Justice Home The Constitution Flag


Home> Newsroom> Speeches

Keynote Address by the Deputy Minister of Justice and Constitutional Development, The Hon JH Jeffery, MP, at a SADC Regional Prosecutors Meeting, hosted by the UNODC, held at Emperors Palace, Kempton Park, 22 March 2022

Programme Director,
Esteemed representatives of the European Union, of the UNODC and of SADC,
Distinguished guests and friends,
It is great pleasure for me to welcome you all here this morning and to our guests visiting from other countries may I say – Welcome to South Africa, karibu or in my best attempt in Portuguese “Bom dia e bem-vindo à África do Sul.”

It really is encouraging and with a sense of gratitude to be able to see so many attendees from across the whole of the SADC region – in particular, because the last two years, many of us have only been able to meet virtually.

Trafficking in persons is real. No country is spared from it.

The UNODC’s 2020 Global Report states that children represent the majority of victims detected in Sub-Saharan Africa, especially in West Africa. Southern African and East African countries tend to detect more adults than children. The majority of detected victims in Sub-Saharan Africa are trafficked for the purpose of forced labour.

It also states that trafficking flows out of Sub-Saharan Africa have a global dimension, with victims detected in Western and Southern Europe, in North Africa and in the Middle East. Victims from Sub-Saharan countries are also detected in North America and East Asia. As a destination of trafficking flows, most of the victims detected in this sub-region are trafficked within their own countries or across the border from neighbouring countries.

Programme Director,
All SADC member states acknowledge that they are affected by TIP as source, transit and destination countries for victims of trafficking. This is demonstrated by the fact that most SADC member states are parties to the Palermo Protocol and are taking domestic measures to implement their international obligations in this regard and/or have specific legislation to prevent and combat TIP.

If one looks at the bigger picture of organised crime, as a whole, it is also important to highlight the work being done by SADC on a comprehensive strategy to identify, understand and combat transnational organised crime in the region, such as growing cross-border threats including the smuggling of weapons, drugs and wildlife, as well as human trafficking.

Related transnational crimes such as illicit financial flows and terrorism are also on the rise.
As the Institute for Security Studies mentions, given the link between these offences and the role that organised crime networks play, a single wide-ranging strategy is needed. After an INTERPOL assessment of organised crime in Southern Africa in 2018, the Southern African Regional Police Chiefs Cooperation Organisation recommended that the SADC Secretariat and INTERPOL develop a regional crime-combatting plan.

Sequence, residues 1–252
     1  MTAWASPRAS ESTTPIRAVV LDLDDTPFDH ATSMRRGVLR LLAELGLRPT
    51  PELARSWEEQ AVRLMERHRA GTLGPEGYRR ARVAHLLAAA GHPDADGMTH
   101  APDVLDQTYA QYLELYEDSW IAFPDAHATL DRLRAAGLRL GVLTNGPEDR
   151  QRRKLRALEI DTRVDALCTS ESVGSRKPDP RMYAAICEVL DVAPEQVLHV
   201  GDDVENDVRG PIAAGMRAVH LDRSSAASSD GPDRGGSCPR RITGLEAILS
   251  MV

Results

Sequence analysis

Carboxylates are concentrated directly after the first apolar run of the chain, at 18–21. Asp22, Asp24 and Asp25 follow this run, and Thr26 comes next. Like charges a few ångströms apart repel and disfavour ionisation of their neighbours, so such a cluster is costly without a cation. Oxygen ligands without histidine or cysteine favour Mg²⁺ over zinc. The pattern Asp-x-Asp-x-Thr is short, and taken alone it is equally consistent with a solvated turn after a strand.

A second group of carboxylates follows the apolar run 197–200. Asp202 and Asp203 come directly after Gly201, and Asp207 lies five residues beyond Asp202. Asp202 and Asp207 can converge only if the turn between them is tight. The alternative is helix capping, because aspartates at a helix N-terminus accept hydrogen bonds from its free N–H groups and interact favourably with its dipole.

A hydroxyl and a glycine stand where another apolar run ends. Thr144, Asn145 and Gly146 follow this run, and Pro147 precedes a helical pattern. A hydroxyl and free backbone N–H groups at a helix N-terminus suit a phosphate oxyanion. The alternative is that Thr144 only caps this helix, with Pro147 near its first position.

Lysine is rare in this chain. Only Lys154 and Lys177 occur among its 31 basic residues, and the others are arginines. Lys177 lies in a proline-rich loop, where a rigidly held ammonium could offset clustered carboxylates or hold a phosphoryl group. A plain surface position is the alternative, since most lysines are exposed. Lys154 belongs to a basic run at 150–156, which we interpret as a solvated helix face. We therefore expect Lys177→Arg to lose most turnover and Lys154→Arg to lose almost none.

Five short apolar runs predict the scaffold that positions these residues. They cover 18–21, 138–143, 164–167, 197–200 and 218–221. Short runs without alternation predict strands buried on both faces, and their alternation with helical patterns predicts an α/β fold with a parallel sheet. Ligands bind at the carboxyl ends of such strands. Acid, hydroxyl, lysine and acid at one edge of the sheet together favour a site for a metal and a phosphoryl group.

When it comes to trafficking in persons, in particular, one of the UNODC documents correctly states that TIP can seem a daunting crime to investigate, as it often involves, and I quote, the “cruel subjugation of the human spirit. It can profoundly damage its victims. It may cover huge geographic distances, including across international borders.”

We see this regularly, for example, in December last year, when 33 alleged Ethiopian human trafficking victims were rescued in Midrand – not too far from here - by the Johannesburg Metro Police.
According to reports earlier on the same day about 65 victims had allegedly been sold to business owners for R17,000 per person before the police arrived.

Because the victims had not eaten in days, the police officers put money together and bought them food.
Like every aspect of our daily lives, Covid-19 has had a very real impact on our efforts to prevent and combat trafficking in persons. I’m sure that that has been the case across the region as it has all over the world.
Victims are targeted when they are vulnerable - and the Covid-19 pandemic and accompanying economic recession has resulted in more people being at risk of trafficking.

South Africa has also experienced that as poverty increases, vulnerability and desperation increase.
Victims of trafficking often perceive the trafficker as their only hope of survival, especially with labour trafficking and despite receiving measly wages for long working hours.

The Covid-19 pandemic has created new risks and challenges to victims and survivors of trafficking. It has also worsened the vulnerabilities of at-risk groups, especially women and children, to trafficking.
In many sex trafficking cases, the victims have substance abuse disorders, very often as a result of the actions of the trafficker.

Our experience further tells us that Covid-19 has undoubtedly had an effect on anti-TIP efforts, for example during the hard lockdown, fewer complaints involving sexual exploitation were reported to the South African Police Services - however more tip-offs were received pertaining to labour exploitation.

Just by way of background, anti-trafficking efforts and support to victims of trafficking are the responsibility of a number of different government departments, with my Department – the Department of Justice and Constitutional Development – being the one tasked with the overall coordination and monitoring thereof in terms of the TIP legislation.

We have tried, as far as humanly possible over the last two years, to adapt to the “new normal” and law enforcement agencies and the courts continued to process cases.

The increased use of audio-visual links to continue to hear cases in courts was emphasized. Appearances and hearings were as far as possible done through audio-visual links.

In order to minimize the spread of Covid-19, the number of persons entering a courtroom, courthouse or justice service points were limited based on the floor space of the courtroom, courthouse or justice service point concerned to ensure compliance with the requirements relating to physical distancing.

Court staff and other stakeholders such as the National Prosecuting Authority’s staff were working on a rotational basis, depending on the particular alert level of South Africa at the time. In some instances courtrooms and court buildings had to be closed for decontamination and cleaning purposes. PPE was also made available to officials and presiding officers in the courts and in the criminal justice chain.